Biden hasn’t released a climate plan yet — but he’s already facing grief over it
Bernie Sanders (I-Vt.) and other progressives slammed Joe Biden on Friday over his still-unreleased climate plan — in yet another sign of how central the issue has become in the crowded Democratic race for president.
The jousting followed a report by Reuters that said the presumed front-runner would seek a “middle ground,” largely similar to the Obama administration’s approach to climate change, in hopes of appealing to both environmentalists and the blue-collar voters who elected Donald Trump.
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Biden’s camp quickly disputed the story, including one of the two Biden advisers whom Reuters cited as sources for the article. But the episode offered a preview of the friction that Biden may face with much of the party’s activist base if he tries to continue the policies Barack Obama once championed, which left a role for fuels like natural gas in the nation’s energy mix.
Sanders, New York Rep. Alexandria Ocasio-Cortez and other environmentalists quickly torched Biden, saying the reported details of his plan fell far short of the urgent steps needed to save the planet.
“There is no ‘middle ground’ when it comes to climate policy,” Sanders tweeted Friday. “If we don’t commit to fully transforming our energy system away from fossil fuels, we will doom future generations.”
Ocasio-Cortez, who introduced the ambitious Green New Deal in Congress, also slammed Biden.
“This is a deal-breaker. There is no ‘middle ground’ w/ climate denial & delay,” she tweeted. “Blaming ‘blue collar’ Americans as the main opponents to bold climate policy is gas lobbyist 101.”
According to the report, Biden’s plan involves rejoining the Paris climate accord and preserving Obama-era regulations on fuel economy standards and other emissions regulations that Trump has been rolling back. It would also have preserved a role for nuclear and certain types of fossil fuel energy, like natural gas, with the use carbon capture and sequestration technology.
Heather Zichal, a former Obama administration energy aide quoted as an informal adviser by Reuters, and TJ Ducklo, Biden’s national press secretary, said in tweets later that the story’s description of Biden’s plans was “wrong.”
Biden also weighed in, pointing to his long support of climate action and saying he would roll out his policy soon.
“What I fought for in 1986 is more important than ever — climate change is an existential threat. Now. Today,” Biden tweeted, referring to legislation he authored that was eventually tagged onto a funding bill and called on the president to create a task force to try to mitigate climate change.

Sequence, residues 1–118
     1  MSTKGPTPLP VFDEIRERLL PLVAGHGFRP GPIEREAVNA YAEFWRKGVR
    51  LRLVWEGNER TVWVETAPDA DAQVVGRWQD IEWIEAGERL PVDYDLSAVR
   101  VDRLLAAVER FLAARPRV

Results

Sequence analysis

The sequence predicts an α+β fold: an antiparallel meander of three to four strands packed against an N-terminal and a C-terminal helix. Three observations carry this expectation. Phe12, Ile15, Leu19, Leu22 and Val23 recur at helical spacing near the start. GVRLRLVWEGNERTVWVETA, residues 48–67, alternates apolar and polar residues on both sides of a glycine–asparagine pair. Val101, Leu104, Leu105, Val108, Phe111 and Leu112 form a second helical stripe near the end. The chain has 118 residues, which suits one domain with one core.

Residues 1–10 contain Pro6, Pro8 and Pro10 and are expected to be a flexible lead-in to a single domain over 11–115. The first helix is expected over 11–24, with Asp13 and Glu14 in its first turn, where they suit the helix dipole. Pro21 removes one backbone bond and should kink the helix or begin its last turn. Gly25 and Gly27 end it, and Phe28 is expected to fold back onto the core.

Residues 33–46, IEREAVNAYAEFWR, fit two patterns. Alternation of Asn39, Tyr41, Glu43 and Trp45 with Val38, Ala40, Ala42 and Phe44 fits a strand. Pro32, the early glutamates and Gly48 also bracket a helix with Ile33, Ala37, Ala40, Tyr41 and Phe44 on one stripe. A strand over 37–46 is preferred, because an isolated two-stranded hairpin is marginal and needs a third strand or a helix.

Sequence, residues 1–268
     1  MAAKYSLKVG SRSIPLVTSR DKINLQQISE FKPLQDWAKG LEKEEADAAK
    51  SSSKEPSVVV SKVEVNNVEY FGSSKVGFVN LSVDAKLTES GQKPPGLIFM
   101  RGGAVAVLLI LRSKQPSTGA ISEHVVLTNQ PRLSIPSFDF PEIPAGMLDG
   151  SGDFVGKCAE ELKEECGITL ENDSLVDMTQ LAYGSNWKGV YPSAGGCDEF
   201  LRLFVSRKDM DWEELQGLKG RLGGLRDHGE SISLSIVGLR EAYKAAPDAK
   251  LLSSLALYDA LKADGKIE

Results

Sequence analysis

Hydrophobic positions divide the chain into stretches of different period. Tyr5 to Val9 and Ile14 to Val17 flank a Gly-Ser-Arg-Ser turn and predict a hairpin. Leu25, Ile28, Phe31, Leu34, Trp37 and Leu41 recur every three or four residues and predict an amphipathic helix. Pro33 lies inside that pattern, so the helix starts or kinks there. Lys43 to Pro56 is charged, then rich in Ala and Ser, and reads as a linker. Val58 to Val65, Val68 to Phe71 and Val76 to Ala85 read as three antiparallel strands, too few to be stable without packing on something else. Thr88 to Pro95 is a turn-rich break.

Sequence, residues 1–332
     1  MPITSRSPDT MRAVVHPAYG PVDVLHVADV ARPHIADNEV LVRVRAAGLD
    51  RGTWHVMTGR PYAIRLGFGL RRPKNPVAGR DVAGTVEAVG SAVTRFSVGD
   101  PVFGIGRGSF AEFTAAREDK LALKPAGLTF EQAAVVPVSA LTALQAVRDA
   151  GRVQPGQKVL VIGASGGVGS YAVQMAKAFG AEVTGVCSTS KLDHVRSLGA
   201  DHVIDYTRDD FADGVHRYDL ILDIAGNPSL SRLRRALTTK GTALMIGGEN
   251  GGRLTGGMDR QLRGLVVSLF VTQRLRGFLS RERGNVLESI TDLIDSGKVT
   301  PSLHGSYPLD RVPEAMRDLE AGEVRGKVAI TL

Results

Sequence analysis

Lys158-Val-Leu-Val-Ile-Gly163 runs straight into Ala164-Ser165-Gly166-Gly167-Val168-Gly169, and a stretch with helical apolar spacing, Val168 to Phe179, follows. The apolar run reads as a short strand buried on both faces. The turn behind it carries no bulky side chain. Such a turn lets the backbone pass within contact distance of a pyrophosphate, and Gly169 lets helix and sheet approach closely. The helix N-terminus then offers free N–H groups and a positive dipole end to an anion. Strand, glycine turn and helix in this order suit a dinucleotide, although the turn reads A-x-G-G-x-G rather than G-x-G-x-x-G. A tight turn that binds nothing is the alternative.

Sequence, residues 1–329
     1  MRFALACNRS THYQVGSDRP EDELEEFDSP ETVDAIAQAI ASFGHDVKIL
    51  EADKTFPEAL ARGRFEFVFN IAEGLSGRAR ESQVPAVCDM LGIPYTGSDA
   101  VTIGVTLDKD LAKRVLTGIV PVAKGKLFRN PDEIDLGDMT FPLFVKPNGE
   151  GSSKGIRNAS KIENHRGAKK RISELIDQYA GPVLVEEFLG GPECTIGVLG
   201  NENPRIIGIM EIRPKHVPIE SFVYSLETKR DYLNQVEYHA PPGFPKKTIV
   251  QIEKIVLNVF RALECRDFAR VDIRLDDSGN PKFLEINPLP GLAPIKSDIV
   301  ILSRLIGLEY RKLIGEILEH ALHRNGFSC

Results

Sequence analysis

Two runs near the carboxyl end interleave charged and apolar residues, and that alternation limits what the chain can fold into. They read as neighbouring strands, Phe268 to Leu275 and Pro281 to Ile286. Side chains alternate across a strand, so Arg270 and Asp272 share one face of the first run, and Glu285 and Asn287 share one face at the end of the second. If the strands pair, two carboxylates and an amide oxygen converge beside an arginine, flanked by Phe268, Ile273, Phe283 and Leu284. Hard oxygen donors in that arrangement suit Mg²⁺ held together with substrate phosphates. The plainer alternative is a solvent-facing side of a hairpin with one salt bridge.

“We need policies that reflect this urgency. I’ll have more specifics on how America can lead on climate in the coming weeks,” he tweeted.
Recent CNN polling found climate change is the top issue for registered Democratic primary voters around the country, and a Monmouth poll last month rated the issue as the second-most important to Iowa Democrats, after health care.
Biden has not yet taken a public position on the Green New Deal resolution to decarbonize the U.S. economy within a decade, unlike many of his Democratic rivals, including Sanders, who have backed it.
Despite the denials from Biden’s team that the story mischaracterized his stance, environmental advocates were quick to slam any potential “middle ground” climate approach as unacceptable.
“Biden’s betting that a retreat to mediocrity and tepid policy making will garner him the Democratic nomination, but climate change is a top issue in this election and voters expect candidates to put forward solutions in line with the crisis,” said Varshini Prakash, co-founder of the Sunrise Movement. “All this approach will do is lose young voters and throw communities of color and working people into chaos and violence, leaving my generation to deal with a broken economy and global society.”
Washington state Gov. Jay Inslee, who is running a campaign for the Democratic nomination based on his plans to aggressively combat climate change, agreed.
“If our house were on fire, we wouldn’t seek a middle-ground approach to putting it out. When our planet is on fire, we shouldn’t seek one either,” he said in a statement. “We can pursue realistic and aggressive climate policy, based on successes in states and cities across America.”
Inslee has pushed for a primary debate entirely dedicated to climate change issues, which Sanders has subsequently backed.